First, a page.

8 Marks Your Good Workout Behaviors Are Going a Little Too Far

Good Workout Behaviors

As a trainer and a Pilate’s instructor, I am always encouraging my clients to get more active. Occupied to the exciting, though, too much workout behaviors will have bad significances on the mind and body. We asked some experts in fitness, nutrition, and psychology to help identify symptoms of over-exercising – keep reading to find out what they said.

1. You’re sore every day:

Some level of soreness is expected after hard workout behavior, but your muscles should improve as you adjust to a new program. DOMS (delayed onset muscle soreness) usually occurs one to three days post-exercise and will continue to get better over time.

2. Injuries keep collecting up:

Physical therapist Christine Gorsek said, Ongoing to fight with the same injury-causing tendinitis may be a sign of overtraining. If you are a new mother, reimbursing care to your body and action is especially significant to save your long-term-injury danger down.

3. Loss of appetite:

It should be noted that workout behaviors may lead to nausea post-workout, but if you find your appetite is not returning, it’s time to take action!

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4. Ravenous appetite:

Working out crazy amounts may contribute to consuming more calories than you burn. I tell my clients to start with 30 minutes of daily exercise and see how their appetite changes. They can effort to up the trial duration but should stay in tune with starvation changes.

5. Insomnia:

The real damage comes in when you don’t allow your body time to recover, throwing your body out of whack. When your hormones are all over the place, your brain struggles to tell your body it’s time to sleep. For a myriad of reasons, lack of sleep can negatively impact your health and cause you to gain weight. Not a side effect you want if you’re trying to get in shape! If you’ve already cut out caffeine and you’re still finding it hard to fall asleep or stay asleep, you may be exercising too much.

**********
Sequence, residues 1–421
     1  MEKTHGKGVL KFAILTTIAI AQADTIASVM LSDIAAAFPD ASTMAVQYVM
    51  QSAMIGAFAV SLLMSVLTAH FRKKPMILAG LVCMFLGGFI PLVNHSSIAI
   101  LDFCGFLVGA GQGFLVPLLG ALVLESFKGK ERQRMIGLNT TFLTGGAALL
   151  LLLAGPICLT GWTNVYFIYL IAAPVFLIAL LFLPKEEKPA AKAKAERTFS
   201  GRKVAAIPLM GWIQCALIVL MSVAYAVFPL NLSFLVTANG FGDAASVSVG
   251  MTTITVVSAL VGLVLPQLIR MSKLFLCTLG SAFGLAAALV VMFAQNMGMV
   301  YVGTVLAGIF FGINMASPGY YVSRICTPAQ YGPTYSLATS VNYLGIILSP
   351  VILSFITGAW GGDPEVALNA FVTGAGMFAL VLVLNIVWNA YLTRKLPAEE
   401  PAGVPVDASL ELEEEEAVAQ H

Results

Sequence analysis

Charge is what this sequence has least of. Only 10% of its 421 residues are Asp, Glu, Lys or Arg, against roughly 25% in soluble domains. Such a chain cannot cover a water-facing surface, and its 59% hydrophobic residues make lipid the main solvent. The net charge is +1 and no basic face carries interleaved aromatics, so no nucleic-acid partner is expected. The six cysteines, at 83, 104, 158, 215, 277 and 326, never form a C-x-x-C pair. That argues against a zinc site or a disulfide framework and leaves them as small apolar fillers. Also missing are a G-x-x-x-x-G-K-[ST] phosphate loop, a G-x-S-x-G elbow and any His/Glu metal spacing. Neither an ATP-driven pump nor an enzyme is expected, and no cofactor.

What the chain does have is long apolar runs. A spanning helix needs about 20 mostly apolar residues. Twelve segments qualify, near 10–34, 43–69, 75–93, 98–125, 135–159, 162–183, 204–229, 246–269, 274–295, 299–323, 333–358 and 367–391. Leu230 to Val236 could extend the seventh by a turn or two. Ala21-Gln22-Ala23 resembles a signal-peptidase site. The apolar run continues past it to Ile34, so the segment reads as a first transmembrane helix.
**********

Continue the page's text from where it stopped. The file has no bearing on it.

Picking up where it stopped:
6. Hair loss:

Julie Shapiro, certified personal trainer and yoga instructor, notes, “While exercise in and of itself does not cause hair loss, excessive exercise can lead to hair loss because it places excess stress on the body. This chronic stress causes hair follicles to go into a resting state, causing it to shed. According to the American Hair Loss Association, this is a condition is known as TE or Telogen effluvium.”

7. Brittle nails:

If you’re not getting the right vitamins and minerals, your nails may change in color, develop white spots, or become very brittle.

8. Longer recovery for colds and illness:

While most exercise helps to boost your immune system, long-endurance exercise may open the door for increased stress and inflammation, causing you to stay sick longer than you’d like.

9. Exhaustion:

When it comes to exhaustion, psychologist Amber Parker, PsyD, LCP, with the Healthify Pedia said, “Exercise can be a wonderful tool for managing stress, anxiety, and depression. However, for someone who is chronically stressed or anxious, too much exercise can keep the body in a state of physiological arousal. The body cannot maintain that state indefinitely and will eventually become depleted. Signs of this depletion are exhaustion and fatigue that we have difficulty overcoming.

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